Smart Card Ticketing in Trondheim Deliver Substantial Benefits to Society

Smart Card Ticketing in Trondheim Deliver Substantial Benefits to Society


M Welde. Norwegian Public Roads Administration. NO


Systematic evaluations of smart card ticketing systems for public transport are few and far between. The paper presents a cost benefit analysis of a recently implemented smart card system in Trondheim, Norway.


Electronic ticketing on public transport based on smart cards is gaining momentum worldwide. The implementation of smart card systems is, however, a complex process that includes legal, economical and technological issues. It is widely recognised that smart cards can deliver benefits for public transport operators, but due to its complexness implementation can come at considerable cost. Therefore, it is more than likely that a commercial appraisal from the perspective of the public transport operator will reveal costs higher than benefits and hence economic non-viability.

However, very few, if any, investments in public transport are profitable from a pure commercial perspective. Investments are motivated by the positive externalities generated by the service, the potential for user scale economics (often referred to as the Mohring effect) and the alleged public good characteristics of public transport. When deciding whether or not to implement smart card ticketing systems we should hence evaluate the investment from a social perspective, that is, quantify costs and benefits to society as a whole following the principles of social cost benefit analysis.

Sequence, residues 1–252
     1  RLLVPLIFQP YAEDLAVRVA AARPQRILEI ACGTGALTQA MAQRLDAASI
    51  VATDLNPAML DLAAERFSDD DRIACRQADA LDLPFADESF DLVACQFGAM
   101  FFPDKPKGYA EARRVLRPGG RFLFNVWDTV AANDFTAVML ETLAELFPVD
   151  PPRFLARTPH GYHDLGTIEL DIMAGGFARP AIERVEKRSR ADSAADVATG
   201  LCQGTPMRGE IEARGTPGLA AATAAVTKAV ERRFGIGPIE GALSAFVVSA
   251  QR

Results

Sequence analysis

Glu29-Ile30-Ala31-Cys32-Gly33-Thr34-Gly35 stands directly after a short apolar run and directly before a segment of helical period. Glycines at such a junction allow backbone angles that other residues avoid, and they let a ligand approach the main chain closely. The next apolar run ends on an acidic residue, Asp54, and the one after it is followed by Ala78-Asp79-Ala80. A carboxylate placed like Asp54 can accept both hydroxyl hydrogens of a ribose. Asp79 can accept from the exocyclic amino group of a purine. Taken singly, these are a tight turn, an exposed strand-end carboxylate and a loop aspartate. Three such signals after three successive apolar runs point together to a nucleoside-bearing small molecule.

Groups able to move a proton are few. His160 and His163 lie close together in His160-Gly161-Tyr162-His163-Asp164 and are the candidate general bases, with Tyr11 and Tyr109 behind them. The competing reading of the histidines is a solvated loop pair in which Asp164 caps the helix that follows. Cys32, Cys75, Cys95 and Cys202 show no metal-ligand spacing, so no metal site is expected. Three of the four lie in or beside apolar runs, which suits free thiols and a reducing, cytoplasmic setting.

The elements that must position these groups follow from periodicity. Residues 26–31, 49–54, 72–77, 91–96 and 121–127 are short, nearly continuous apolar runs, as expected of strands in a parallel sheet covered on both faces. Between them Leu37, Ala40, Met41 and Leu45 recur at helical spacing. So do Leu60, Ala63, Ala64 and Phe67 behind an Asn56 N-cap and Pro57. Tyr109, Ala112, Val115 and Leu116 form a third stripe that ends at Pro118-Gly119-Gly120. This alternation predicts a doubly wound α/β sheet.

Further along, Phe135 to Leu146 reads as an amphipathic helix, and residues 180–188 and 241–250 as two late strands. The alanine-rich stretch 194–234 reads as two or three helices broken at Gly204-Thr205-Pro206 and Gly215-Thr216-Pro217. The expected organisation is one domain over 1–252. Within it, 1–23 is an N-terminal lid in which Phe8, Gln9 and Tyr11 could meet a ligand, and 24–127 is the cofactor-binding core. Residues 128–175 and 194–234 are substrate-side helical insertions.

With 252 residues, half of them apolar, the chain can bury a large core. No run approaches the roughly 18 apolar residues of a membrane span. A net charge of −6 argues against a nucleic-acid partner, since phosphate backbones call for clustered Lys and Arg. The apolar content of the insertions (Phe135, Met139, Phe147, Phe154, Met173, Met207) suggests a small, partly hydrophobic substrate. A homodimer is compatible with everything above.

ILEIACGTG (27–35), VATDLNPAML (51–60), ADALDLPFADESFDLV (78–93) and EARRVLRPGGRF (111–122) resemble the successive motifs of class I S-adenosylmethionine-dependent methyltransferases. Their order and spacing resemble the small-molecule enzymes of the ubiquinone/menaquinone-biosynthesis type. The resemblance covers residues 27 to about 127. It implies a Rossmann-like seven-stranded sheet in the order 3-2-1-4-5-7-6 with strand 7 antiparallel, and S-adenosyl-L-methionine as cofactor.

The paper presents the experiences of the Norwegian city of Trondheim which has recently implemented a fully interoperable electronic smart card system. A social cost benefit analysis of the scheme is presented focusing on net overall benefits deriving from effects on passengers, the bus company, local transport authority and the rest of society. It is also estimated, using regression analysis, what effects the new ticketing scheme has had on bus dwell time and passenger numbers.

The main conclusion in the paper is that the smart card ticketing system in Trondheim delivers a positive net present value. For bus passengers the main benefit lie in time savings from time saved boarding buses and paying for tickets. Although a small time saving for the individual, all passengers already on the bus will save time at every stop when passengers pay using smart cards so total time savings for passengers are significant and constitute the main proportion of estimated total benefits. This is an example of user scale economics. Further passenger benefits include increased time table reliability and reduced need for cash. The bus company is benefiting from reduced delays and increased reliability because of less time spent at bus stops. This could allow the bus company to reduce the number of buses or increase the service level to passengers.

The paper demonstrates that economic evaluation of smart card ticketing schemes using the principles of social cost benefit analysis is desirable and possible. As commercial non-viability often represents constraints to the implementation of such schemes, this is valuable information to all that is currently working on smart card ticketing strategies. The paper further discusses the limitations of current methodologies in providing an efficient framework for evaluating the economic impacts of such schemes.


Association for European Transport